Executive summary

Gender equality and environmental sustainability, the two components of the gender-environment nexus, require immediate action at national and international levels. The environmental and climate crises and social inequalities exacerbated by the COVID-19 pandemic have prompted countries to increase action on both fronts. Yet an integrated approach is often lacking, with countries missing the opportunity to explore trade-offs and complementarities between gender equality and environmental sustainability, and to minimise potential negative impacts of environmental and climate policies.

Greece is addressing gender considerations in policy-making, with an emphasis on women’s economic empowerment, women’s active participation in decision-making, and eliminating genderbased violence against women and girls (GBVAWG). In parallel, Greece, as other European Union member states, is prioritising the transition towards a net-zero economy, introducing environmental and climate strategies and policies to support this objective. The gender-environment nexus is still largely absent in Greece’s national policies, however. An assessment of the country’s national policies shows that there is great potential to introduce the gender-environment nexus into existing policy initiatives, which would support Greece’s shift towards green growth and advance women’s economic empowerment.

An assessment of Greece’s environmental and climate policies through a gender lens shows that there is no systematic application of the gender-environment nexus in policy design or implementation. Social considerations are largely taken into account when preparing national environmental and climate-related policies, but there is no explicit gender approach. Issues such as tackling women’s energy poverty, introducing gender-sensitive climate adaptation in urban design, and applying gender-sensitive environmental impact assessments, are absent. At the same time, women’s role in phasing out fossil fuel dependency is partly recognised, with targeted measures linked to women’s employment being introduced. This is also the case for women’s role in sustainable agriculture and forestry. More strategically supporting women in STEM studies and careers, and supporting them in reaching leadership positions, could increase the number of women in traditionally male-dominated sectors such as eco-innovation and green patenting. In the case of circular economy, supporting women’s inclusion in green entrepreneurship, promoting gender-sensitive green public procurement, and taking account of female behavioural preferences and consumption patterns in policy design and implementation could lead to more sustainable choices.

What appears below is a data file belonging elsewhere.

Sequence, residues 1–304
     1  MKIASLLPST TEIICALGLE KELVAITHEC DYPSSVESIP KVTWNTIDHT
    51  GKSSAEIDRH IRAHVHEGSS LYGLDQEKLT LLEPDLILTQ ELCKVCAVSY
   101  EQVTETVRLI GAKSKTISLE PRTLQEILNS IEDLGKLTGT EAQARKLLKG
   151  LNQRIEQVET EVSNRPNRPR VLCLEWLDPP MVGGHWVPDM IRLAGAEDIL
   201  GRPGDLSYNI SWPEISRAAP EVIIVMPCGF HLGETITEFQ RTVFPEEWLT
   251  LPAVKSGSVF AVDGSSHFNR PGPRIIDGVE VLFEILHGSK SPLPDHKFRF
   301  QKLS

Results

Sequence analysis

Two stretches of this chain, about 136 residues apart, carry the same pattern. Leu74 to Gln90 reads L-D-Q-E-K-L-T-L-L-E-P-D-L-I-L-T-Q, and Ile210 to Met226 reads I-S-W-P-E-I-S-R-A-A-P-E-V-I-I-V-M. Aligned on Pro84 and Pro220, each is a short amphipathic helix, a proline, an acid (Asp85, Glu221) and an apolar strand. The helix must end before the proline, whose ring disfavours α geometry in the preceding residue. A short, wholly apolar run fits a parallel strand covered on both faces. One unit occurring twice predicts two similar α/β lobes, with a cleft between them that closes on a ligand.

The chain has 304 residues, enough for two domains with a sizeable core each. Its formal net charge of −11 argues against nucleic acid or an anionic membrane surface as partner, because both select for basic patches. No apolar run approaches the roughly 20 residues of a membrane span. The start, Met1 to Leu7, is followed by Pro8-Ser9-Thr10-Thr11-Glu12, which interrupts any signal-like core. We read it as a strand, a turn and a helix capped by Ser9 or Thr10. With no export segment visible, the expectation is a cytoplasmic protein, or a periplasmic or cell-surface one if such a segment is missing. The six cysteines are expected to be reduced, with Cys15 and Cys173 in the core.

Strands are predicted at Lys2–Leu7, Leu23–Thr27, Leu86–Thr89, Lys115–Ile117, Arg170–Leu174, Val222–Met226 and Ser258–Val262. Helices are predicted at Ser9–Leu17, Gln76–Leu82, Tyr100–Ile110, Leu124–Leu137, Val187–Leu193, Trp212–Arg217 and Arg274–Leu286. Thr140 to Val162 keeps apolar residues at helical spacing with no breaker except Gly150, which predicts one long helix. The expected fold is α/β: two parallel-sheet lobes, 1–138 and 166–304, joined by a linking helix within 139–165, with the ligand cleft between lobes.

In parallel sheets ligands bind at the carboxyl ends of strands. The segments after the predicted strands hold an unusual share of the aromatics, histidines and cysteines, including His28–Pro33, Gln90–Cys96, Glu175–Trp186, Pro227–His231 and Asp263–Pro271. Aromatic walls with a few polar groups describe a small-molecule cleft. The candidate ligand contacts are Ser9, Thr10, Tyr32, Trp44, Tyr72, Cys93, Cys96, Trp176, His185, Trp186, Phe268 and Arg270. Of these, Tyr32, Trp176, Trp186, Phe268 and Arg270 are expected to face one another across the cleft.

Assessment of Greece’s gender equality policies through an environmental sustainability lens highlights the need for more explicit actions to empower women in the green economy. Targeted approaches to green skills and vocational training, to science and technology programmes, and to gender-sensitive green recovery measures, could increase women’s presence in green occupations. Further mainstreaming gender in sectoral policies, such as in data collection and building gender-sensitive environmental statistics, as well as introducing gender budgeting and financing, could better reflect the differentiated environmental impacts for policies by gender. Finally, guaranteeing women’s participation in public consultation and decision-making could increase emphasise women’s role as agents of change in environmental and climate policy.

Integrating the gender-environment nexus into national policies requires tools and initiatives that mainstream gender in sectoral policies and enhance women’s role in the economy and society. This report includes a series of recommendations that, if implemented, could further enhance the synergies from integrating gender equality and environmental sustainability goals. Structured under five target areas – mainstreaming gender in environmental policies; empowering women in environmental sectors; supporting women’s presence in environmental leadership and decision-making; promoting gender-sensitive environmental justice; and building up statistical data to monitor progress – these recommendations could be useful not only to Greece but also to other countries that wish to integrate the gender-environment nexus into their national policies. For each policy area analysed, examples of how this approach has been successful in other OECD countries.


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